going to happen, consider driving part of the way and then jumping on
public transit or your bike (a folder would be perfect). A great way to
Go easy on the AC -
Use the windows to help keep the car cool. Or try an electric or solar
fan. Parking in the shade and using a reflective windshield shade can
keep your car cooler when parked, meaning it takes less to cool it off
when you get back in. If you car is new, however, let it air out. That
new car smell is not friendly stuff. Aspire to carelessness -
Not everyone is going to be able
to do it, at least not cold car-key. It will probably entail a shift in
thinking and some time, but living car-free might be more within reach
than you think. Living closer to work and school is a big part of it.
Walking, biking, public transport, car sharing, car borrowing, and
teleconferencing are a strong arsenal of tools to help reduce the need
for a car. Give it some thought.
The Honda Insight
More is More
whole idea behind the design of the Insight was to make hybrid
technology accessible to a greater number of people. And more hybrids
replacing conventional gas engine vehicles out on the road can only
improve things for the environment.To that end, the Insight was designed for excellent fuel economy,
of course, but the goal was also practicality and affordability. With
an EPA-estimated 43 mpg*, the AT-PZEV-rated** Insight ranks as one
of the more efficient cars out there.
numbers are important, but the way you drive also affects the fuel
economy you achieve. The Insight features a remarkable new system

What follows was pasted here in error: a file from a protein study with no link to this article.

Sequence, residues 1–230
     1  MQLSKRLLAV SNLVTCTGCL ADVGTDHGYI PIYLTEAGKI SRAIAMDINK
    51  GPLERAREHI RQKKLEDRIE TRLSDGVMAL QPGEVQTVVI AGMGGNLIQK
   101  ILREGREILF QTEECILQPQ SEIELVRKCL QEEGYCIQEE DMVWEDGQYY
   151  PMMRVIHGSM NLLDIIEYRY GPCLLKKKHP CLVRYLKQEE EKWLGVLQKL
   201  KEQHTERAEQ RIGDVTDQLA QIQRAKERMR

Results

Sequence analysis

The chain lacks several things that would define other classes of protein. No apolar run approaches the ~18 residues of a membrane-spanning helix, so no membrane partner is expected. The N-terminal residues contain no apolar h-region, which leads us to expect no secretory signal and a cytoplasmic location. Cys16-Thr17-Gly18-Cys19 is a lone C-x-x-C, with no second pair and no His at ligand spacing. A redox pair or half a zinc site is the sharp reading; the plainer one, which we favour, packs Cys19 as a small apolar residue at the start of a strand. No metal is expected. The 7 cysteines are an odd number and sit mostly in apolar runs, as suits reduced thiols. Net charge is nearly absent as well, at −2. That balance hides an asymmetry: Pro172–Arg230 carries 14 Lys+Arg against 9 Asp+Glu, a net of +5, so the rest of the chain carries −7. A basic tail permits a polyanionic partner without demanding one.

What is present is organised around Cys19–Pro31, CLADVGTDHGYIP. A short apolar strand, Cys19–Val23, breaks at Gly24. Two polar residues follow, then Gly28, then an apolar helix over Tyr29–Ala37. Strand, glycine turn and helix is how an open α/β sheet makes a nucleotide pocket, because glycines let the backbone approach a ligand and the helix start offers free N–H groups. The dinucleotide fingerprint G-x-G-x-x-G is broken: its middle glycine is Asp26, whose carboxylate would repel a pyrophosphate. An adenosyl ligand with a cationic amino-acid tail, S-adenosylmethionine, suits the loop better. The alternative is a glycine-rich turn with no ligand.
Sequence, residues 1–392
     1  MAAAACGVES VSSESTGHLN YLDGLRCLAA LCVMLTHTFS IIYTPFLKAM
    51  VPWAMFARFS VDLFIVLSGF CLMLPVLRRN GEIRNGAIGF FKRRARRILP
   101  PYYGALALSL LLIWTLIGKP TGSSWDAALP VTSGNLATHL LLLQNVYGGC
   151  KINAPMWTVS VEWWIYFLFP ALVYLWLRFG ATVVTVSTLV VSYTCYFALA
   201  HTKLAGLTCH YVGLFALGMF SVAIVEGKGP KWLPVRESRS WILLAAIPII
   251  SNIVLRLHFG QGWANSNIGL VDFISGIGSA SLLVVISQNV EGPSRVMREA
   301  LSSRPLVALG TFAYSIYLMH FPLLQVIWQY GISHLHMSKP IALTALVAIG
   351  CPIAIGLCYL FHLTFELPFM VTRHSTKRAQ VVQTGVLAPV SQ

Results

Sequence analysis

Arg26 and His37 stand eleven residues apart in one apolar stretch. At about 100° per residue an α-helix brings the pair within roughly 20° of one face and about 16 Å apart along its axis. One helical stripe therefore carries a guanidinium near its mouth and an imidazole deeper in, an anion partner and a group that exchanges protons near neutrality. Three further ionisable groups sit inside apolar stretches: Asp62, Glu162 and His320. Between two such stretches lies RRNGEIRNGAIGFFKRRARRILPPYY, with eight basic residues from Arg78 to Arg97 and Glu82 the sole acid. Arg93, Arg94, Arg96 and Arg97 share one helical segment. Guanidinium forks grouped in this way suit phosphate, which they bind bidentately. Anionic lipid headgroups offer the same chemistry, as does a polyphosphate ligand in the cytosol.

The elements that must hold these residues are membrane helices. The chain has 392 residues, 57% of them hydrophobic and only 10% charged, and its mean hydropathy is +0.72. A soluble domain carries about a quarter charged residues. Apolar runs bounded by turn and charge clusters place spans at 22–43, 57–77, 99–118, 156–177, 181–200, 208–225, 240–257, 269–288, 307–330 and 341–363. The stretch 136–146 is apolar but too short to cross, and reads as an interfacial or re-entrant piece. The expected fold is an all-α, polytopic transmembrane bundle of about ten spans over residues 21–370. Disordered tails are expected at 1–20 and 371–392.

that helps boost your efficiency and monitor your own driving habits to
maximize your mpg for your driving conditions. It's called Eco Assist
and it includes a green ECON button that, when pressed, regulates
certain vehicle functions to maximize efficiency. The system also
features a real-time feedback system to help promote driver awareness
of efficient driving habits on a daily and ongoing basis.
*40 city/43 hwy/41 combined mpg. Based
on 2010 EPA mileage estimates, reflecting new EPA fuel-economy methods
beginning with 2008 models. Use for comparison purposes only. Do not
compare to models before 2008. Your actual mileage will vary depending
on how you drive and maintain your vehicle.
(Advanced Technology Partial Zero-Emission Vehicle) models as certified
by California Air Resources Board (CARB) are available in California
and states that have adopted California Zero-Emission Vehicle
***Eco Assist is a trademark of Honda Motor Co., Ltd., and may not be used or reproduced without prior written approval.
The Honda Civic Hybrid
Power at the Pump
benefits of the refined gasoline-electric powertrain on the Civic
Hybrid are never more evident than when you watch those little numbers
adding up at the pump. And with an EPA-estimated city/highway rating of
40 city/45 hwy mpg*, you'll spend a lot less time there at the gas station.
Help Clear the Air
The air also benefits with the Advanced Technology Partial-Zero-Emission Vehicle
** rating, which is the most stringent emission standard achieved by a gasoline-powered vehicle in the U.S.
*Based on 2009 EPA mileage estimates,
reflecting new EPA fuel economy methods beginning with 2008 models. Use
for comparison purposes only. Do not compare to models before 2008.
Your actual mileage will vary depending on how you drive and maintain
**AT-PZEV (Advanced Technology Partial
Zero-Emission Vehicle), as certified by California Air Resources Board
(CARB) in California and states that have adopted California emissions